Thousands of protesters marched in several separate actions across New York City on Tuesday, hours after U.S. Attorney General Jeff Sessions announced the planned end of the Deferred Action for Childhood Arrivals (DACA) program, exposing around eight hundred thousand young people to deportation.
Almost immediately after Sessions’s announcement on Tuesday morning, protests began in front of Trump Tower, where a crowd of protesters voluntarily faced arrest by sitting in the roadway. The NYPD told the Voice on Tuesday night that it hadn’t tallied final numbers, but organizers said as many as a dozen demonstrators had been cuffed. A second, much larger protest began Tuesday evening in lower Manhattan and ended in a march across the Brooklyn Bridge.
Demonstrators gathered in Foley Square around 5:30 p.m., where they were addressed by speakers including Attorney General Eric Schneiderman, whose office announced last night that it intends to challenge the administration’s order. That protest also saw arrests, including that of City Councilmember Ydanis Rodriguez and a handful of others, as participants briefly blocked the entrance to the Brooklyn Bridge.
The DACA program was created by the Obama administration through executive action in 2012 and offered a reprieve from deportation for undocumented immigrants who had arrived in the United States as minors. It was billed as a stopgap after the failure of the Development, Relief, and Education for Alien Minors (DREAM) Act, which would have offered more comprehensive protections to that class of immigrants. That bill was blocked by a Republican filibuster in December 2010.
After the rally at Foley Square, with chants of “No ban, no wall, America for all,” marchers made their way across the bridge with a heavy police escort.
One marcher, 23-year-old Kenia Guillen, was among the hundreds of thousands of immigrants whose DACA status allows them to work and attend school legally. She was ten, she said, when her parents emigrated from El Salvador. A Brooklyn College student with one year left in her film program, Guillen said she was unbowed by the day’s news.
“This is not the end, and it’s not unexpected,” Guillen told the Voice. “We knew we weren’t going to be protected under the Trump administration.” Guillen said that living with uncertainty is a part of life in the undocumented community. “It’s another slap to the face, but it’s all about how do we go forward.”
“We’ll continue to make waves,” she added. “We’ll continue to go to school, finish our degrees.”
Another DACA recipient on the bridge, who gave her first name as Cynthia, arrived in the United States from Mexico at age three. Her most likely destination were she to be deported, she said, would be with extended family in Nuevo Laredo, a city riven by drug war violence where she would face sharply limited opportunities. In the United States, she works as an immigration counselor, something she said helped her stay connected to her community and existing networks for support. Those connections are helpful, she said, as her eyes welled.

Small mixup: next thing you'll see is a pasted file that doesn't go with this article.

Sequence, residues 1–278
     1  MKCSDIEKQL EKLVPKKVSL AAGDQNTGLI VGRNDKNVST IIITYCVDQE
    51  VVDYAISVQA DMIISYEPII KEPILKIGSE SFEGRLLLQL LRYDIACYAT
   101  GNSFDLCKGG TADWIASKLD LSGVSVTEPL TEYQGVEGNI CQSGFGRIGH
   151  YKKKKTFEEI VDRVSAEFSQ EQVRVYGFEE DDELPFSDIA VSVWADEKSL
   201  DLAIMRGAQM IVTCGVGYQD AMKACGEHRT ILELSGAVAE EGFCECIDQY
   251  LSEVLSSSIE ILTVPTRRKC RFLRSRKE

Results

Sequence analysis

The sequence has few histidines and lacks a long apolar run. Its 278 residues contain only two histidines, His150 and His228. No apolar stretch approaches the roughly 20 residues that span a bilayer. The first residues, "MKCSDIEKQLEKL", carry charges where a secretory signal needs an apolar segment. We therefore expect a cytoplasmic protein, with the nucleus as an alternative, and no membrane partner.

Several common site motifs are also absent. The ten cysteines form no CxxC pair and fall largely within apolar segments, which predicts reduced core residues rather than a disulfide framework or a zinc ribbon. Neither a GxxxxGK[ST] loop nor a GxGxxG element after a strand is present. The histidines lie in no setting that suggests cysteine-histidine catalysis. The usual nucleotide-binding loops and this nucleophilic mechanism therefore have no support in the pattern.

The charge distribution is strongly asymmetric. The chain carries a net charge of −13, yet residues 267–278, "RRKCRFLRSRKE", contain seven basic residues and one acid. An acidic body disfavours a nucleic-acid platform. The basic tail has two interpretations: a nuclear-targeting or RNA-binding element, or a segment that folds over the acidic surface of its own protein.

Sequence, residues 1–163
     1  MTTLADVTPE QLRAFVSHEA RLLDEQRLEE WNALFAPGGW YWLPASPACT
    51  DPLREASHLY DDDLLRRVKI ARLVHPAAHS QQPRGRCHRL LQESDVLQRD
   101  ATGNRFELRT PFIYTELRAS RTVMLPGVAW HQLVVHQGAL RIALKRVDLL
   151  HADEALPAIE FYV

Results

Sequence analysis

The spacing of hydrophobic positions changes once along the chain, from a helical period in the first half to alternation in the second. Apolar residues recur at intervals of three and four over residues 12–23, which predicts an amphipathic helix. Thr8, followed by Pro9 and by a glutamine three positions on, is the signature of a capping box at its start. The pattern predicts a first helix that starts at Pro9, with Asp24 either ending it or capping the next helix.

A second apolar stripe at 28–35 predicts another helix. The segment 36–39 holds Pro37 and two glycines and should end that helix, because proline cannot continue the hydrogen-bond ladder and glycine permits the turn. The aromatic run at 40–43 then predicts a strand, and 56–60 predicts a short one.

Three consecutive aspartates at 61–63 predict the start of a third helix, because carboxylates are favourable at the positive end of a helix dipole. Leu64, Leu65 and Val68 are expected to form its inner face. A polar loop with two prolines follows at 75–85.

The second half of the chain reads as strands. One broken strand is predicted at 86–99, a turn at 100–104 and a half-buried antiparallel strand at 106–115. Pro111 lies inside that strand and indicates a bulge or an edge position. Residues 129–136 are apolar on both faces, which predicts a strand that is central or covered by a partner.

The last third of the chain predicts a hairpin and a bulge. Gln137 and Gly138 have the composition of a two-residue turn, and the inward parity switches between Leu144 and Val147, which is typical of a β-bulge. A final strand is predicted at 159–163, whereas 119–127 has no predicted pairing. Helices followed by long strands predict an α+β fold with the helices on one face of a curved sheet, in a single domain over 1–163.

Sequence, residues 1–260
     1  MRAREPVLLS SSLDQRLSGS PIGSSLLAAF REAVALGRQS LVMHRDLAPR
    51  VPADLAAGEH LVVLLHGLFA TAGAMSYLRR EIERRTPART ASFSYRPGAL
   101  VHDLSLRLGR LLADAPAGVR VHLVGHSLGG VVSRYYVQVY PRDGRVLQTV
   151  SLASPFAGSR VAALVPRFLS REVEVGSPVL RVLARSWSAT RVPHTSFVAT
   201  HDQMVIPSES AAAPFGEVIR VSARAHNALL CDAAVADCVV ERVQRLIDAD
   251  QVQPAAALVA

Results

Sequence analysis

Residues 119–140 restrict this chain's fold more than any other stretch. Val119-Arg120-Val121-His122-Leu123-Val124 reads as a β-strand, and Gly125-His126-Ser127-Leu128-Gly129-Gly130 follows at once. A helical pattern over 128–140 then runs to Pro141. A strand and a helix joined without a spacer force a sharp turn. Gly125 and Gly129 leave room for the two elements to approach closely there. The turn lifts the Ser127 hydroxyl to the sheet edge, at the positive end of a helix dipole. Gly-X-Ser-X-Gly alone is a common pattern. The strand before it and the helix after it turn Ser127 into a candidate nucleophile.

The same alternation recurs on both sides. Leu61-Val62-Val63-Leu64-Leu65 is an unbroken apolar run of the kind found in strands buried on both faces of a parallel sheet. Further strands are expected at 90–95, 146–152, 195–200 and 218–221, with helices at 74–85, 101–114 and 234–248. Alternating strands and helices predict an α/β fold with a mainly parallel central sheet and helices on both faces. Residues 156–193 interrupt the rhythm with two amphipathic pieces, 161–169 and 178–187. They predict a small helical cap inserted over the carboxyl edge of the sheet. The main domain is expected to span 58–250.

“But it’s bittersweet,” she added. “You know that you’re helping an immigrant population, but you also know that you’re living it, too.”
The Trump administration announced following Sessions’ announcement that it would immediately stop accepting applications for DACA protection, and end the program entirely in six months. DACA had provided protection from deportation and access to legal work permits, essential to any normal life in the United States.
The Trump administration’s action comes after months of mixed messages on the status of DACA recipients, often referred to as Dreamers. While attacks on the program were a prominent part of the anti-immigrant rhetoric of Trump’s campaign, after the election Trump hinted that he might maintain the status quo. As recently as February, he told reporters that his administration was “going to show great heart” toward DACA recipients, who are already screened for serious criminal convictions and are monitored by immigration authorities.
Anu Joshi with the New York State Immigrant Action Fund said pressuring lawmakers would be a top priority for advocates like her in the wake of the administration’s announcement.
“Number one is to protect DACA recipients and their families as best we can,” Joshi told the Voice. “And two is to advocate for a permanent legislative solution that has no strings attached. Really pushing our Republican congressmen from New York to pressure Speaker [Paul] Ryan and Leader [Mitch] McConnell to bring a clean legislative solution up for a vote.”
A bill to enshrine DACA in law would get enough votes to pass both the U.S. House and Senate, predicted Joshi: “Because Republican leadership has been so unwilling to address the needs of the immigrant communities, that’s the only reason it hasn’t come up for a vote.”